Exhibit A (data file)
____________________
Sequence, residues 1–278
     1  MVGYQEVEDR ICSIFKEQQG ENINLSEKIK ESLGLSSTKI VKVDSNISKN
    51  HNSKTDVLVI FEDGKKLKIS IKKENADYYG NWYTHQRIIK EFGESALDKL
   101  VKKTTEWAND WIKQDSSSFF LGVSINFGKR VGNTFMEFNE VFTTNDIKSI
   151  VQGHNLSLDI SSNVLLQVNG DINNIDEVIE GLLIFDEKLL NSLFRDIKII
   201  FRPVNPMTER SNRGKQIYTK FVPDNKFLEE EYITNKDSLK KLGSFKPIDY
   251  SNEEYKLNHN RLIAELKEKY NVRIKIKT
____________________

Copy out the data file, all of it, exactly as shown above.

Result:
Sequence, residues 1–278
     1  MVGYQEVEDR ICSIFKEQQG ENINLSEKIK ESLGLSSTKI VKVDSNISKN
    51  HNSKTDVLVI FEDGKKLKIS IKKENADYYG NWYTHQRIIK EFGESALDKL
   101  VKKTTEWAND WIKQDSSSFF LGVSINFGKR VGNTFMEFNE VFTTNDIKSI
   151  VQGHNLSLDI SSNVLLQVNG DINNIDEVIE GLLIFDEKLL NSLFRDIKII
   201  FRPVNPMTER SNRGKQIYTK FVPDNKFLEE EYITNKDSLK KLGSFKPIDY
   251  SNEEYKLNHN RLIAELKEKY NVRIKIKT